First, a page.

Me: Proceed to explain how the rest of HCR falls into place from that..blah blah blah.

CW: "Gotta go" gives speech, passes bill.

As you can see from above, it's hard to defend this silly ideology, but it does provide a framework to give politicians policy ideas that can be quite deadly, if implemented.

What is quite frightening is that several figures who may soon be in control of future federal policy as potential US Senators have the same silly, deadly, ideology:

Rand Paul:

The bottom line is: I’m not an expert, so don’t give me the power in Washington to be making rules," Paul said at a recent campaign stop in response to questions about April’s deadly mining explosion in West Virginia..."You live here, and you have to work in the mines. You’d try to make good rules to protect your people here. If you don’t, I’m thinking that no one will apply for those jobs.

To a market fundamentalist, the unfettered market will take care of things, if coal owners and local officials make sloppy rules that don't really protect workers (as they did when thousands of miners per year died) then the market will ensure that less miners will apply for those jobs, and everything will be fine.  If a few thousand die because they can't find other jobs, it will be worth it, these fundamentalists might even consider them "defenders of liberty".

Sharron Angle:

   QUESTION: You have been in support of onshore drilling in the United States as well as offshore drilling, are you rethinking that policy with what is going on in Louisiana?

   ANGLE: No. I think that what happened in Louisiana was an accident. They're cleaning it up. We need to go forward and talk about prevention and not about whether we keep it out all together. We know that lot of the problems that have been caused for us with foreign policy and even with our own gas prices here domestically going up is our dependence upon foreign oil.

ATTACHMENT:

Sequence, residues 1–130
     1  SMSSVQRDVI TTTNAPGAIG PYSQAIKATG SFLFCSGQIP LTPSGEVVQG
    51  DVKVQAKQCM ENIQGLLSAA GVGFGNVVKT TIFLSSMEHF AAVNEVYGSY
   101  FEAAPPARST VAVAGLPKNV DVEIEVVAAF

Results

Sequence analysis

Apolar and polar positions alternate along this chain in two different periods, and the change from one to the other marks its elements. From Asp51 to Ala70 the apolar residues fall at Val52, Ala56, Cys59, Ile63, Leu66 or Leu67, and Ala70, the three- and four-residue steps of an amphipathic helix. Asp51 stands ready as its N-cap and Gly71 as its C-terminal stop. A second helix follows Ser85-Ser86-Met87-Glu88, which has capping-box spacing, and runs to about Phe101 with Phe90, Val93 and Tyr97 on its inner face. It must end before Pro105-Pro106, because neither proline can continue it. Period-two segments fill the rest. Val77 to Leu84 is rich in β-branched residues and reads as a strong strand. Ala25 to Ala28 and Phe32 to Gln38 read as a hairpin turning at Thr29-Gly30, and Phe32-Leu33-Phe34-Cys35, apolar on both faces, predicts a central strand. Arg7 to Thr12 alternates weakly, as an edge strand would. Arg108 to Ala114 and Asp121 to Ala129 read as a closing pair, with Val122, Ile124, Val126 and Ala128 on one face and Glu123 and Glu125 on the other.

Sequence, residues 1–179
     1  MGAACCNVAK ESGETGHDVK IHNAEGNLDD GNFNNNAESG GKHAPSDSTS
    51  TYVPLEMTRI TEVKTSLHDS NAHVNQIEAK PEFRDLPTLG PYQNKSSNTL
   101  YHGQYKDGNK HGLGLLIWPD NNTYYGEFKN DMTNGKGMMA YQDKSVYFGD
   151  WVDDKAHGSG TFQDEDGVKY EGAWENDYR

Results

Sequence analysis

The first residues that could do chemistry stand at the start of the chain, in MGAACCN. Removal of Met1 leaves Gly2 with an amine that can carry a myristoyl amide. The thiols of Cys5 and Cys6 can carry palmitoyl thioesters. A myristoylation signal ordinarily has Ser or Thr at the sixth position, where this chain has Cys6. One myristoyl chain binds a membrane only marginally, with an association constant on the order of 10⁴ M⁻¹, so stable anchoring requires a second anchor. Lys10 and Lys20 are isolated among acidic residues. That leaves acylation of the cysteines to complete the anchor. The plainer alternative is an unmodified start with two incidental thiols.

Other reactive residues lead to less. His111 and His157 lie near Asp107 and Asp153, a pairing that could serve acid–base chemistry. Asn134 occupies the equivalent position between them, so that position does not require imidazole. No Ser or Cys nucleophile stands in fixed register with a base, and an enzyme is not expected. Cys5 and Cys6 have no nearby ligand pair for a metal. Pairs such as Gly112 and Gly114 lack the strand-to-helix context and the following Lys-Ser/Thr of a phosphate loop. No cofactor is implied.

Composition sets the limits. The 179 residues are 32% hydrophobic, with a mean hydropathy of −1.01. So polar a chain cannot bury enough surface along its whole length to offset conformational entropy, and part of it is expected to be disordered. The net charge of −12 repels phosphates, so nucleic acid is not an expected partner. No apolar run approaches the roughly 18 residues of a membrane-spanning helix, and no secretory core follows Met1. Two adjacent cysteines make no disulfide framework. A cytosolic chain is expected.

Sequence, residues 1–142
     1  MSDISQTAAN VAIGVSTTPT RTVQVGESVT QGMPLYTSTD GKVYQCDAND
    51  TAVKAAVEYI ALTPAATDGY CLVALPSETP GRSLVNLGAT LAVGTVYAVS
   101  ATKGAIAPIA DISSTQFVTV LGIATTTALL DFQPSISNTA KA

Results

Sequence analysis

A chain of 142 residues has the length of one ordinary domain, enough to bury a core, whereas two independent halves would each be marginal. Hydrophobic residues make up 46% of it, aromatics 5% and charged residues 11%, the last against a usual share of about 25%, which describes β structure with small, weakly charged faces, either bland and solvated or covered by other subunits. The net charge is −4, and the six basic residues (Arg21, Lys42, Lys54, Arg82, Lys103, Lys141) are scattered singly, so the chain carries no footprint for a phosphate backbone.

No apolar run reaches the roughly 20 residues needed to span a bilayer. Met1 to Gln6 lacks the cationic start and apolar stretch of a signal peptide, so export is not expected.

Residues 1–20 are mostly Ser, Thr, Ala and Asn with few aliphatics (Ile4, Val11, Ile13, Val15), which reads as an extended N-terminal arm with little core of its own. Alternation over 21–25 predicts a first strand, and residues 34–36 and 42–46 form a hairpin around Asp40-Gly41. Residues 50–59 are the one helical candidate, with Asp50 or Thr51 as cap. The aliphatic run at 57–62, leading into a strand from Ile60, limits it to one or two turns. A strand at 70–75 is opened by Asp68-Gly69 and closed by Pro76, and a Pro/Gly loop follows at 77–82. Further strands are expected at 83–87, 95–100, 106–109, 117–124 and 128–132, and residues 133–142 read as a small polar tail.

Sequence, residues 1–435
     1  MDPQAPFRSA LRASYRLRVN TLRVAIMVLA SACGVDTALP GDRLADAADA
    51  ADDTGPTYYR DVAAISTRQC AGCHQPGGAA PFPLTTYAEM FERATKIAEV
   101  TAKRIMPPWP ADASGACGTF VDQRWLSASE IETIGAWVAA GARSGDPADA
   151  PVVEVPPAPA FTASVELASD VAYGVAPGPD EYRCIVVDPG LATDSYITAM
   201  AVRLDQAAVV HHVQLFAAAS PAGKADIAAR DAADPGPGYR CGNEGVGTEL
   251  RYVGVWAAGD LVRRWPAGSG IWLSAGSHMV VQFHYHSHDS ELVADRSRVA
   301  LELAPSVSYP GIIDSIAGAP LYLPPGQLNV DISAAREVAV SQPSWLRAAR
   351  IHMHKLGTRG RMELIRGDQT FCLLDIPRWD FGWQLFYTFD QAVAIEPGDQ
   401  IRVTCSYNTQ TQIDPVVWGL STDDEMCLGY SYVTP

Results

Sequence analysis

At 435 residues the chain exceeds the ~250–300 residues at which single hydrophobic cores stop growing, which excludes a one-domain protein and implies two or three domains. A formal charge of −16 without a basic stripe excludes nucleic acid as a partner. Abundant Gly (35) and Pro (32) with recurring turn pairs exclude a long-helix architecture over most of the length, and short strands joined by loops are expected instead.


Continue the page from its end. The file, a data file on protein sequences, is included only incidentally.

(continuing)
We have oil reserves and petroleum reserves that we should tap into. And that's a policy that we really need to look at as a nation. How do we deregulate enough to invite our industries to come back into the United States and quit outsourcing their business?

Of course, in the wake of a deadly and environmentally disastrous oil spill, where deregulation has been implicated as a causal factor, more deregulation is the answer when you're a market fundamentalist.

Joe Miller:

But yeah — ultimately, we’ve got to transition out of the Social Security arrangement and go into more of a privatization.

The market will make for better retirements for everyone.  It doesn't make sense to have a retirement insurance plan that is independent from the all-knowing, never failing, free market.  Why did we come up with this plan in the first place?  Well, at least if we all had private retirement plans they'd be safer than some socialistic government scheme, since the market never falters.